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Second Round of Concern Over Starlink Corn
By Erin Galbally
Minnesota Public Radio
April 25, 2001
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As soon as the Mississippi River reopens to barge travel, rafts of corn kernels will head down river en route to their final destination - southeast Asia. Along the way, kernels will be tested and retested for traces of Starlink, a genetically-modified corn now banned around the world. Last fall Starlink turned up in taco shells and corn chips, prompting mass recalls and a shake-up on the export market. The corn's manufacturer continues to push for full governmental approval which would allow for human consumption. But with the spring thaw, Midwestern grain elevators and their customers are preparing for round two.

Larry Laber, manager of Cenex Harvest States Barge Center in Winona, aboard a barge on the Mississippi River. He says his company must conduct extensive testing of corn to determine it is free of Starlink corn, before its overseas customers will purchase it.
(MPR Photo/Erin Galbally)
EVERY YEAR, TONS OF GRAIN FROM MINNESOTA, Wisconsin, South Dakota and Iowa is hauled to the Cenex Harvest States port on the banks of the Mississippi River. But this year, many of the regulations and procedures have changed dramatically. Just ask Larry Laber, who manages this barge facility in Winona.

"Once we're through loading the barges we do a test for Starlink. If it goes to our export facility in Myrtle Grove, Louisiana - when it's unloaded it's tested again. Then when its loaded onto the ship it's tested again. It gets to be extensive," says Laber.

Starlink, a genetically modified corn never approved for human consumption, complicated last year's harvest by contaminating grain elevators and food processing plants. In 1998, the federal government approved the corn for animal feed and industrial uses, withholding full approval because there were concerns the corn had the potential to trigger allergic attacks in humans. A lapse in the chain of communication lead to the discovery of Starlink in taco shells and corn products across the country by fall of 2000. International outcry ensued and the export market suffered. Barge manager Larry Laber says last year, Starlink cost the U.S. business - bringing corn sales overseas to a halt.

"They're still cautious when they buy grain. They've gone to other countries looking for grain - places that still grow conventional hybrids. But then they run into quality problems. They have come back to us as long as we give them assurances that we continue to do these tests," Laber says.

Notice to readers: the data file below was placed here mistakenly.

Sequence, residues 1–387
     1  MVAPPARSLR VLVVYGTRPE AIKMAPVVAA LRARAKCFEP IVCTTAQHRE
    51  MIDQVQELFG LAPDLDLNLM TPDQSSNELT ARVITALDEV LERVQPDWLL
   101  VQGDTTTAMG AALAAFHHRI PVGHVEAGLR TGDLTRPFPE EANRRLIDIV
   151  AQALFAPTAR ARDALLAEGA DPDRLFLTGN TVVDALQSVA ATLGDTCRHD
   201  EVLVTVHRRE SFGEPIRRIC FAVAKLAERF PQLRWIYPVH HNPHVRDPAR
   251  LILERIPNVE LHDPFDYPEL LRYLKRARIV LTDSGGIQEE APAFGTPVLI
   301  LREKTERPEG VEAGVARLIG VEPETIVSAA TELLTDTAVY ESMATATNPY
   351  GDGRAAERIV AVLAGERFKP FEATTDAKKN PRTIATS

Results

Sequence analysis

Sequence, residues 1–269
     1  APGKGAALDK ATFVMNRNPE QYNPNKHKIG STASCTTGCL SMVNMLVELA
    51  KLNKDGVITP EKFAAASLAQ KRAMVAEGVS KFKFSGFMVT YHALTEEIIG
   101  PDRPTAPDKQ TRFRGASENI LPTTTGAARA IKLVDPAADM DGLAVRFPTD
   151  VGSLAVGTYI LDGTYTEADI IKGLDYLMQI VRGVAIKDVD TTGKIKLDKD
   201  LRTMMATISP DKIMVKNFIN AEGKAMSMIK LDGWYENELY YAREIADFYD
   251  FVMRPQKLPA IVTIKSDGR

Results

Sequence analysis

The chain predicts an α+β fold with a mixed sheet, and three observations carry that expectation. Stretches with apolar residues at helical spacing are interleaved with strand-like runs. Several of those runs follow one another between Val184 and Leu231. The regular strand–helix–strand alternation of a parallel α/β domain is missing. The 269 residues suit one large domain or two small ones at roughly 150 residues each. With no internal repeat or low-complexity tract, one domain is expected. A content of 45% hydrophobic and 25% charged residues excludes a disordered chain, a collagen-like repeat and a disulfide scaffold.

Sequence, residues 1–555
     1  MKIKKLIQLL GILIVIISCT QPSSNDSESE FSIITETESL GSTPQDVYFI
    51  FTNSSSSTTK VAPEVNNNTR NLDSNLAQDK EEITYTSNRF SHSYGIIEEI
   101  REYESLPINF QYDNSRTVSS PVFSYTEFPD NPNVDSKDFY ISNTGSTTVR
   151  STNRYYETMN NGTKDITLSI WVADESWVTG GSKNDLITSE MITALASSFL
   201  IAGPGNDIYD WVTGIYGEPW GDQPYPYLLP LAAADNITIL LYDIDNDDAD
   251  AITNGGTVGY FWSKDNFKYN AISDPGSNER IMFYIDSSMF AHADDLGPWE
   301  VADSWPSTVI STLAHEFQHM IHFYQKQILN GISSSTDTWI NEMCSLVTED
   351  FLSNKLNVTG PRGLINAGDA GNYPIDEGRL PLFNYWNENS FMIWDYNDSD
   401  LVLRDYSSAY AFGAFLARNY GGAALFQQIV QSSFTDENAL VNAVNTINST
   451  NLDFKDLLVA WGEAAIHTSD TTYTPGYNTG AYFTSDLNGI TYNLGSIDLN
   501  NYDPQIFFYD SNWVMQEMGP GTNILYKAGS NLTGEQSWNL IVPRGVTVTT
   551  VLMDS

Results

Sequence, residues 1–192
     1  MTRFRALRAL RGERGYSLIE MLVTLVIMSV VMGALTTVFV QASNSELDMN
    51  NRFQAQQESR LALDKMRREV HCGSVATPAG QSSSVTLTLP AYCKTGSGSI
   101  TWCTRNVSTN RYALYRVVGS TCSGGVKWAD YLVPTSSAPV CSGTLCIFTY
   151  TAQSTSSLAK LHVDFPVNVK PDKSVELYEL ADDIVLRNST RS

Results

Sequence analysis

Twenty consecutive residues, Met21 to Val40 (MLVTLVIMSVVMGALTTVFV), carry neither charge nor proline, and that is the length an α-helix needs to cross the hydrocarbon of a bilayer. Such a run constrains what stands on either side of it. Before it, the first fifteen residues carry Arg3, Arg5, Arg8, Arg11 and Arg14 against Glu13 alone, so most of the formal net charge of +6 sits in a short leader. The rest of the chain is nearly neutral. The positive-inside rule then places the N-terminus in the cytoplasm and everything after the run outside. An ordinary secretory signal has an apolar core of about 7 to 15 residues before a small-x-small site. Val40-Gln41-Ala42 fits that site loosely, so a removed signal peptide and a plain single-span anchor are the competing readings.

But those assurances are hard to guarantee, since most of the grain pouring into Lander's Mississippi River port represents last year's harvest. Much of that corn was collected by local elevators before the Starlink crisis became apparent. University of Minnesota entomology professor David Andow says it will take years to rid Starlink from the grain system.

"Some of next year's corn seed has been found to be contaminated with the Starlink gene inadvertently, so seed producers found that the pollen from the Starlink moved further than expected," says Andow.

The U.S. Department of Agriculture has announced it will purchase and destroy as much as $20 million worth of contaminated seed, and has requested that all seed distributors vigorously test their stocks for the hybrid. The Starlink saga has brought a new awareness to the problem of pollen drift - something largely responsible for the spread of the GMO corn. Mac Ehrhardt of the Albert Lea Seed House says it could be impossible to find GMO-free corn.

"I don't think it's possible to guarantee that you have corn that's 100 percent GMO- free. There may be very isolated spots in the mountains somewhere where the seed is GMO-free, if the seed stock was also GMO-free. Other than that, it would be impossible to guarantee 100 percent GMO-free seed corn or grain," says Ehrhardt.

That's a problem, because in places like Europe and Japan there's little tolerance for genetically modified products. Since 1997 U.S. farmers selling GMO produce have been deprived a piece of the $200 million European corn market. Now there are concerns that continued cross-contamination will affect the state's organic farmers, who've made valuable inroads into the global organic market. Minnesota's Commissioner of Agriculture Gene Hugoson says it's vital for farmers to understand where their crops will eventually end up, and understand the standards imposed by specific countries. But Hugoson's warnings may be too late and U.S. farmers may be facing increasing economic isolation.

Related links:

  • EPA's Office of Science Coordination and Policy
    Final report assessing the scientific implications of Starlink corn. (PDF)
  • EPA
    General information on Starlink corn.
  • University of Minnesota Extension
    Advisories on Starlink corn.